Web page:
Urban Meyer has resigned as the Florida Gators head coach. Again. His reasons: family and health. Those are always good cover ups.
While this news is surprising, it is not shocking. Meyer probably has concerns about his health and certainly wants to spend more time with his family. However, these reasons alone were not enough to tip the scales. What did? The Gators’ disappointing season. I just don’t think this happens if Florida played in the SEC championship game and was preparing for a BCS bowl this year.
One year ago, the day after Meyer announced his retirement, he went out to practice and saw the state of the program and the potential for the future. That was enough to get him to stay on board and take a brief leave of absence. Now, one year into the future, Meyer has seen enough.
This season was the first year that Meyer faced the toughest challenge for a coach: sustaining success. Meyer learned the hard way that sustained success is more difficult than it looks. Before coming to Florida, Meyer hopped from job to job, never staying long enough to graduate a recruiting class and to compete against foes who had had time to adjust to his spread attack.
After inheriting a well stocked cupboard and using his spread scheme to win the 2006 BCS National Championship, Meyer weathered the storm in 2007 when his recruits started taking the field. While the team only won 9 games, quarterback Tim Tebow won the Heisman. It was clear that with a few defensive adjustments, the Gators would be back on top. Fast forward to 2010. Tebow, Brandon Spikes, and others were gone. Meyer’s revolutionary offense had become mainstream in college football.
John Brantley was supposed to be the answer. By the end of the year, Florida was using a three quarterback system. Florida lost miserably to Florida State (Meyer’s first loss to the Seminoles). It must have hurt, too, to see former Florida quarterback Cam Newton thriving on the other side of the SEC. Going into their bowl game, Florida is 7-5. Not ideal, but not unheard of either. A quick glance up north, and Meyer could see how Mark Richt has struggled to reload the last two years at Georgia. Look west, and Mack Brown sticks out like a sore thumb. A year removed from the national championship game, and Texas is 5-7. These two coaches are not throwing in the towel.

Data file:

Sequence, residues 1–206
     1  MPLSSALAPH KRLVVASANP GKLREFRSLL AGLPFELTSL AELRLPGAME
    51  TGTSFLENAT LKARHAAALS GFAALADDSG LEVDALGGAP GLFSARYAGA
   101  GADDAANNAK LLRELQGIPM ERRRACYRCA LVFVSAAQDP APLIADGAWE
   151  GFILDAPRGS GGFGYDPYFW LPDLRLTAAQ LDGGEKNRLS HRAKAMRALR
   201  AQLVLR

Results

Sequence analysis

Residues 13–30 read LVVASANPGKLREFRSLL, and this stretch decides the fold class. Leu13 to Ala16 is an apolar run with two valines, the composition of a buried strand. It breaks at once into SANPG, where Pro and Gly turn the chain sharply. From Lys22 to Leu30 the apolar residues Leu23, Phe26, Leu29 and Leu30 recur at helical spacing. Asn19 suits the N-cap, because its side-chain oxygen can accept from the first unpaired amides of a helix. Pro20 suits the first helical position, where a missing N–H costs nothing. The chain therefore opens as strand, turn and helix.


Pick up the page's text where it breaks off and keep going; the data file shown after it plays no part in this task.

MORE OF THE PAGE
Urban Meyer is just the latest college drop out. When the advanced classes got difficult, he took the easy way out.
A few years from now, Meyer will be back. Probably at Notre Dame if Brian Kelly can’t return the Fighting Irish to the BCS. However, if Meyer doesn’t stay at his next gig for at least 10 years and have continued success, he should never be considered one of the greatest coaches of all-time.
That distinction belongs to guys like the one who will be opposite Meyer in the Outback Bowl—Joe Paterno. I have no problem with Meyer changing schools early on, but the great coaches have to settle down at some point and sustain success over multiple recruiting classes. They have to be able to beat the same teams over and over and over again, even when those teams know what you are going to do and are very familiar with your schemes. They do not jump ship at the first sign of disaster.
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